The predator-induced responses of two species of Australian Daphnia, with contrasting distributions and life history patterns, to the kairomones of two species of Anisops predators, were measured. Daphnia longicephala produced a large crest and attained a larger size when exposed to both predators. D. carinata sl matured earlier than D. longicephala and did not produce a crest. Surprisingly, kairomones of both predators inhibited the production of ephippia in D. carinata sl. Anisops stali, the larger of the two predator species, induced a significantly larger crest size in D. longicephala, and larger brood size in both species compared with the smaller A. gratus, indicating a quantitative but not qualitative effect of predator species on inducible defences.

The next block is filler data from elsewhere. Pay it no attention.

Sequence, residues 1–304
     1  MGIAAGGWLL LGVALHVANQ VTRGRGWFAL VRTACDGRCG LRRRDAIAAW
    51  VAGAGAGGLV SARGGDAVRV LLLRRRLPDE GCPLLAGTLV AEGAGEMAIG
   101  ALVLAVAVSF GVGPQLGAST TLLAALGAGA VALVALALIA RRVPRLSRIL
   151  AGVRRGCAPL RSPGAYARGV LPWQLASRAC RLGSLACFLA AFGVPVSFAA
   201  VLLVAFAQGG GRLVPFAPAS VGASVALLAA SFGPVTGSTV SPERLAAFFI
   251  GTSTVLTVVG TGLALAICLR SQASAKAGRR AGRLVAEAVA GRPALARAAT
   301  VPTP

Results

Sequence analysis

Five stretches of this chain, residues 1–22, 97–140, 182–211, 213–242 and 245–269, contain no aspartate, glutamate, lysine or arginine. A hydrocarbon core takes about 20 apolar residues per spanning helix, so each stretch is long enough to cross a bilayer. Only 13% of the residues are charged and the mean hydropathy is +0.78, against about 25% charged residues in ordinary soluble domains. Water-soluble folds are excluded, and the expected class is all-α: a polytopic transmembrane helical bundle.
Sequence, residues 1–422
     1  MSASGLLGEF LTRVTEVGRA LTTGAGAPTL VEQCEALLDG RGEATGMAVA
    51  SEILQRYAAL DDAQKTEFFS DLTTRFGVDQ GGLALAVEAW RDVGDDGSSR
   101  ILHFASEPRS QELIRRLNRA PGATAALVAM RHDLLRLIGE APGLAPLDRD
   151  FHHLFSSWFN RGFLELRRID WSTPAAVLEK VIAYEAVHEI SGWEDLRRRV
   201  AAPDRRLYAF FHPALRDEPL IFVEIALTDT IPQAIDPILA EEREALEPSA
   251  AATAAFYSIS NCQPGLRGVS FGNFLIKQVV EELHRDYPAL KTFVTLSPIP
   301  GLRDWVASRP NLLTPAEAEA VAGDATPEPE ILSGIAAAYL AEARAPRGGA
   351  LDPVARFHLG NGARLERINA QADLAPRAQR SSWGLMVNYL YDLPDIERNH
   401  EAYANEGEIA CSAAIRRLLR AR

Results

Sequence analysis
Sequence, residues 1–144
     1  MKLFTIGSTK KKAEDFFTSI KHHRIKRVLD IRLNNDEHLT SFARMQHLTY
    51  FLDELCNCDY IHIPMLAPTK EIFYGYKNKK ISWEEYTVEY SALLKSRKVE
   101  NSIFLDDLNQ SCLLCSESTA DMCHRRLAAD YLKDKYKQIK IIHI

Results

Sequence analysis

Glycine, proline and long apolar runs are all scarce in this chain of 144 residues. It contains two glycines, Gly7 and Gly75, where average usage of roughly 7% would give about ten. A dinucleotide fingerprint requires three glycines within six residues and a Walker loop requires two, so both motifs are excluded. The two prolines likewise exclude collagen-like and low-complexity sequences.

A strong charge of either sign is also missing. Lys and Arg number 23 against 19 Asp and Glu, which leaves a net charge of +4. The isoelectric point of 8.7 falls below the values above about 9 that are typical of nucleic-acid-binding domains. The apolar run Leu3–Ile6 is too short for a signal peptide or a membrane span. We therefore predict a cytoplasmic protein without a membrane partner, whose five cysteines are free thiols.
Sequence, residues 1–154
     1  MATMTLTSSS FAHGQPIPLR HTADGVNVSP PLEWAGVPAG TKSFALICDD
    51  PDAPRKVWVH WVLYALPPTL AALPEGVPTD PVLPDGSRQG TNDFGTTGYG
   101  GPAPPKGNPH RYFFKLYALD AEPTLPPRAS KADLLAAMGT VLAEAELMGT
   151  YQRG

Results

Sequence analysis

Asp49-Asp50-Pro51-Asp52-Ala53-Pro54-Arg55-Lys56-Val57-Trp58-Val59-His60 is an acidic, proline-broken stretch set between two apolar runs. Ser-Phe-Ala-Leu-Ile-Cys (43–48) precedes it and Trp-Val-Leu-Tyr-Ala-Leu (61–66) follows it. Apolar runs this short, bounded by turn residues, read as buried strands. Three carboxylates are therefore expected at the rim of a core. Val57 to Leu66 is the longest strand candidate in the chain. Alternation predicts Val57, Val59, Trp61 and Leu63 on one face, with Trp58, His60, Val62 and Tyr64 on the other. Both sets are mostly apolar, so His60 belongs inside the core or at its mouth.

|Number of pages||6|
|Publication status||Published - Aug 2000|
- Chemical communication
- Crest induction
ASJC Scopus subject areas
- Ecology, Evolution, Behavior and Systematics